Pulse shooter's father was an FBI informant, government reveals

Defense requests a mistrial or dismissal in Noor Salman trial over information about Mateen's father

Defense requests a mistrial or dismissal in Noor Salman trial over information about Mateen's father

Seddique Mateen, the father of the Pulse nightclub shooter, was an FBI informer for more than a decade before facing an investigation into financial transfers overseas, a lawyer for the shooter's widow said in a weekend court filing.

Salman's attorneys say prosecutors informed them Seddique Mateen was an informant from 2005 to 2016 in an email Saturday that also revealed he's now being investigated for suspicious money transfers to Turkey and Afghanistan discovered in his home the day of the Pulse attack.

Her lawyers began their defense today, after prosecutors rested their case on Thursday.

Her lawyers claim that the new revelation prevented them from probing whether or not Seddique Mateen knew of his son's plans to attack the nightclub on June 12, 2016, according to CBS affiliate WKMG. The attorneys are seeking a mistrial in her case.

If convicted, she faces life in prison.

Her lawyers' federal court motion filed Monday says prosecutors contacted them Saturday night and told them about Seddique Mateen's relationship with the FBI.

The money transfers occurred in March and June 2016, before the June 12 attack on the Pulse nightclub. It adds that a 2012 anonymous tip indicated that Seddique Mateen was seeking to raise $50,000 to $100,000 to contribute toward an attack against the government of Pakistan. That, they argued, is grounds to dismiss the charges against their client, or at least declare a mistrial.

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According to The Intercept's reporting, U.S. District Judge Paul Byron, who is overseeing the case, rebuked the prosecutors for withholding what he viewed as evidence central to the case. A spokesman offered no response to or comment on the motion, which was being argued in court Monday.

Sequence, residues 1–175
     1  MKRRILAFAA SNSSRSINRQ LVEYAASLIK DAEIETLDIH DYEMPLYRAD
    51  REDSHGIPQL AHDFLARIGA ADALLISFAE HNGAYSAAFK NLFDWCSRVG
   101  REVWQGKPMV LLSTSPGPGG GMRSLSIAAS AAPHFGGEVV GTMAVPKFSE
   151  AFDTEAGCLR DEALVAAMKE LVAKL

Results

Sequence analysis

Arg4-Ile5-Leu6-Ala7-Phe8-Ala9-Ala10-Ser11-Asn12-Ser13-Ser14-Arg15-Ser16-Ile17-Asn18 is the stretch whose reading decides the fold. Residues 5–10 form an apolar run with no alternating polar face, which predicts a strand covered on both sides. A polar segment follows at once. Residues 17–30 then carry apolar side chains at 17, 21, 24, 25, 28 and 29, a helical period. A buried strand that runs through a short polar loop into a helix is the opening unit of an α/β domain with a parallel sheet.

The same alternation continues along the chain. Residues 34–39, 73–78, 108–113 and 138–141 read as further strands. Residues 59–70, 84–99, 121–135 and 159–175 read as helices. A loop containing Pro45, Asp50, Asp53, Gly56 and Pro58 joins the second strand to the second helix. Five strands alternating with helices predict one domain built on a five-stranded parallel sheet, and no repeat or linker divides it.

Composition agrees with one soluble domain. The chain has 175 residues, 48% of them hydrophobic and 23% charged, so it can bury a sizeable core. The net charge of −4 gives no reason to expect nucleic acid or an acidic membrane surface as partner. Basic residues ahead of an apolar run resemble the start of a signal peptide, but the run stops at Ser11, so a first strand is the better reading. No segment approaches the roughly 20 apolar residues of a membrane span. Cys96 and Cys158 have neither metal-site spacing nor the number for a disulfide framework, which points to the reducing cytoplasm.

In a 12-page handwritten statement to the Federal Bureau of Investigation written just hours after the attack on Pulse, Salman claimed she saw her husband prepare for the assault.

Mateen's father, Seddique Mateen, was on the government's witness list but was never called to testify.

They said prosecutors also told them in an email Saturday that the government found evidence on the day of the attack that Omar Mateen's father, Seddique Mateen, had been sending money to Afghanistan and Turkey, and that he had been accused of raising money to fund violence against the government of Pakistan. Specifically, they questioned whether the father had foreknowledge of Omar Mateen's attack and whether he "played a significant role" in the FBI's decisions to drop its investigations of his son in 2013 and 2014. While it is hard to know what evidence the prosecution possesses, the decision to continue prosecuting Salman raises questions about whether the terrorist's identity as a non-white Muslim has influenced government prosecution of Mateen's spouse. His report continued to say "She said that after hours of questioning, with law enforcement telling her that they knew she aided her husband, and according to her, threats that her son would be taken away and would be raised in a 'Christian home, ' she said she eventually relented and signed the statements so she could be allowed to go home".

A man who answered a Florida phone number for Seddique Mateen hung up after asking an AP reporter to identify himself. "It's about Noor Salman", he said.

In 2013, Omar Mateen was investigated for making allegations against co-workers.

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